Achievement-related attitudes and the fate of 'at-risk' groups in society
|Title:||Achievement-related attitudes and the fate of 'at-risk' groups in society||Authors:||O'Connell, Michael F.
|Permanent link:||http://hdl.handle.net/10197/2477||Date:||Aug-2008||Online since:||2010-09-29T15:56:36Z||Abstract:||What causes poverty and how does an individual escape it? Factors such as intelligence and social class background are thought to be important. However, a number of economists have argued that an individual’s profile of achievement-related attitudes (ARAs) like work-orientation and conscientiousness might play a role in social success and failure. Part of their attraction is that these attitudes are regarded as responsive to nurturing and may be especially significant for those individuals with few formal skills to offer the labour market. The NCDS longitudinal dataset was interrogated to assess whether ARAs predicted an individual’s earnings measured almost two decades later. Results indicated that ARAs explain a good deal of variance in earnings, particularly for "at-risk" males. Social policy implications are discussed.||Funding Details:||Not applicable||Type of material:||Journal Article||Publisher:||Elsevier||Journal:||Journal of Economic Psychology||Volume:||29||Issue:||4||Start page:||508||End page:||521||Copyright (published version):||2007 Elsevier B.V.||Keywords:||Economic socialisation; Earnings; Career; Social exclusion; Non-cognitive abilities||Subject LCSH:||Attitude (Psychology)--Economic aspects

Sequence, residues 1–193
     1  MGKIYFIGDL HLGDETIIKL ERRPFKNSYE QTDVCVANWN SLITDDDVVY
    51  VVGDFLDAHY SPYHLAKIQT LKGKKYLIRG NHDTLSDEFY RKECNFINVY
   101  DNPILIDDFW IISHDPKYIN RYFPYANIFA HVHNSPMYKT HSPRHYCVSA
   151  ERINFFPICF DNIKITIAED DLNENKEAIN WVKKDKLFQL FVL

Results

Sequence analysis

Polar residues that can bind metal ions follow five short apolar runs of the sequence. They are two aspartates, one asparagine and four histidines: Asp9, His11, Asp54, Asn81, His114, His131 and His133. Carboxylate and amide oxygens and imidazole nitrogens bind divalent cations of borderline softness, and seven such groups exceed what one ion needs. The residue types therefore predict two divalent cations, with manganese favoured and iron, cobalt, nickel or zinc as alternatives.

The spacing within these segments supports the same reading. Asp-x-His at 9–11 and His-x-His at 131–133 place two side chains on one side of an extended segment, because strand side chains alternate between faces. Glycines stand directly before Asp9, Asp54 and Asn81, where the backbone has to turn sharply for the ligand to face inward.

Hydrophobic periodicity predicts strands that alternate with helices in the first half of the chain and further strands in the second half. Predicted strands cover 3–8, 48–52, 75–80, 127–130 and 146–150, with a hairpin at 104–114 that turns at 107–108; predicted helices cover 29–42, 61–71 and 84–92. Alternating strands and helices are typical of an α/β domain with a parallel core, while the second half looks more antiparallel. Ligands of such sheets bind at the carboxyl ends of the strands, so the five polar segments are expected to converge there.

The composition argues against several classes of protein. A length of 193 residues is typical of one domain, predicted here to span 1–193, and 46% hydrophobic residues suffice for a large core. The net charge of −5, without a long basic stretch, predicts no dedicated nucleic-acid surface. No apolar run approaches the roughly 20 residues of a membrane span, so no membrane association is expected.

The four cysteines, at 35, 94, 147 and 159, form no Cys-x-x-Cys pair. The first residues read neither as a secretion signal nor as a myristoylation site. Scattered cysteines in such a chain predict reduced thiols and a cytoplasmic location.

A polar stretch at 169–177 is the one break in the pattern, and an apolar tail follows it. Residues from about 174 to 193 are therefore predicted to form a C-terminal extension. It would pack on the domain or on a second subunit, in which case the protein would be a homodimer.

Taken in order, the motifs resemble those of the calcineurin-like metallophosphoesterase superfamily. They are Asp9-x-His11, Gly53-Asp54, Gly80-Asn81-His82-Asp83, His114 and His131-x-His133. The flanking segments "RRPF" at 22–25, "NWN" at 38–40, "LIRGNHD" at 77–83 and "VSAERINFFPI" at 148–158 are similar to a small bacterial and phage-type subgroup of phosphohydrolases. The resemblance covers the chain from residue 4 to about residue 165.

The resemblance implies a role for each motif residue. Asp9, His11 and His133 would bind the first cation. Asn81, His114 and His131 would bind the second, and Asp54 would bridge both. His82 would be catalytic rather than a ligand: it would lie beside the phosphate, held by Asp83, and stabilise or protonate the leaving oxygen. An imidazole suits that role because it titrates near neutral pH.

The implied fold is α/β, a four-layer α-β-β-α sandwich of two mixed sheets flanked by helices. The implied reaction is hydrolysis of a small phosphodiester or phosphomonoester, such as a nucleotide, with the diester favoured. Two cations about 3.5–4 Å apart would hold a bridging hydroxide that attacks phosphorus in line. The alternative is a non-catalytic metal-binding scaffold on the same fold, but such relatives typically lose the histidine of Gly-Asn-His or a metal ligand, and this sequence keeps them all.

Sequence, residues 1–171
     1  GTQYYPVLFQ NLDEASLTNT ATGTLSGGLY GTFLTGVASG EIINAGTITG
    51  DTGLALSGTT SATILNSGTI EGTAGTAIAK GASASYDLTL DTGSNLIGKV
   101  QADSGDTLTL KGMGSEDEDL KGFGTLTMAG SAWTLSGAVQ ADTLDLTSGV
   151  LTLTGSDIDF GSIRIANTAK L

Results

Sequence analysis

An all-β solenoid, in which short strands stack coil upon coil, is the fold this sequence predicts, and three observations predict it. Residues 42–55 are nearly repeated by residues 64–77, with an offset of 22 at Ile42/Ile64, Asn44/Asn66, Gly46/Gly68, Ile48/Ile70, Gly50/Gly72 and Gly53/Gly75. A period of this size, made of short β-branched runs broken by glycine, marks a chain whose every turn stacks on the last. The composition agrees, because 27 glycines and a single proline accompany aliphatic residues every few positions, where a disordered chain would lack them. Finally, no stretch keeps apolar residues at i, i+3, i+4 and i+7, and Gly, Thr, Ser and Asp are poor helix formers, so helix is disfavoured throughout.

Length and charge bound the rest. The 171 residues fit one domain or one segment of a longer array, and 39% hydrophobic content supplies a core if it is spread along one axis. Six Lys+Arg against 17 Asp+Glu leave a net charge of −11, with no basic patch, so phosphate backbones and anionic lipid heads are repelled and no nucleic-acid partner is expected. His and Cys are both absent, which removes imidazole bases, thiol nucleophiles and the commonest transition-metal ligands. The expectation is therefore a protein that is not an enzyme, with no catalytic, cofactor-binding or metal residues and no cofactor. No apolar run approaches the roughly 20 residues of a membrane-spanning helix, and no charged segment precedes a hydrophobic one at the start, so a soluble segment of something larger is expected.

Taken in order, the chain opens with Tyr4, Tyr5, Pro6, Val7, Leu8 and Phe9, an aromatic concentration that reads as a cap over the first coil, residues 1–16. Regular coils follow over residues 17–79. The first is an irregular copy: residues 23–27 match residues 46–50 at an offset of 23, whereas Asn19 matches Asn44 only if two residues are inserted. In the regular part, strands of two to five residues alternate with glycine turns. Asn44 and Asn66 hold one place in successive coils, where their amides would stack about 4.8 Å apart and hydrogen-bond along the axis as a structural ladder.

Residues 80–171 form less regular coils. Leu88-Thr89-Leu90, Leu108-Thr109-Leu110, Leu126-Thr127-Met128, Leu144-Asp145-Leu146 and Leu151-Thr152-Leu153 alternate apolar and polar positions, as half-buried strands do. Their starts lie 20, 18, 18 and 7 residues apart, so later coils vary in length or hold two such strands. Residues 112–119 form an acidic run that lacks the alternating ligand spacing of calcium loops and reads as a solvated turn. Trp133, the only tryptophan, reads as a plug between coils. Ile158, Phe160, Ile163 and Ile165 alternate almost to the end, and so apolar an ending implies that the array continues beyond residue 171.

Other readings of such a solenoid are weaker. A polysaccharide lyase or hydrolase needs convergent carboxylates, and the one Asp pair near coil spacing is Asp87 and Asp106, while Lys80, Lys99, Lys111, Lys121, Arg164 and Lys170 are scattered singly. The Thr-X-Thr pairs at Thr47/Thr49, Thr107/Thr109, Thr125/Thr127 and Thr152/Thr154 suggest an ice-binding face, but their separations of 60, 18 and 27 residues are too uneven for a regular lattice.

|DOI:||10.1016/j.joep.2007.11.002||Other versions:||http://dx.doi.org/10.1016/j.joep.2007.11.002||Language:||en||Status of Item:||Peer reviewed|
|Appears in Collections:||Psychology Research Collection|
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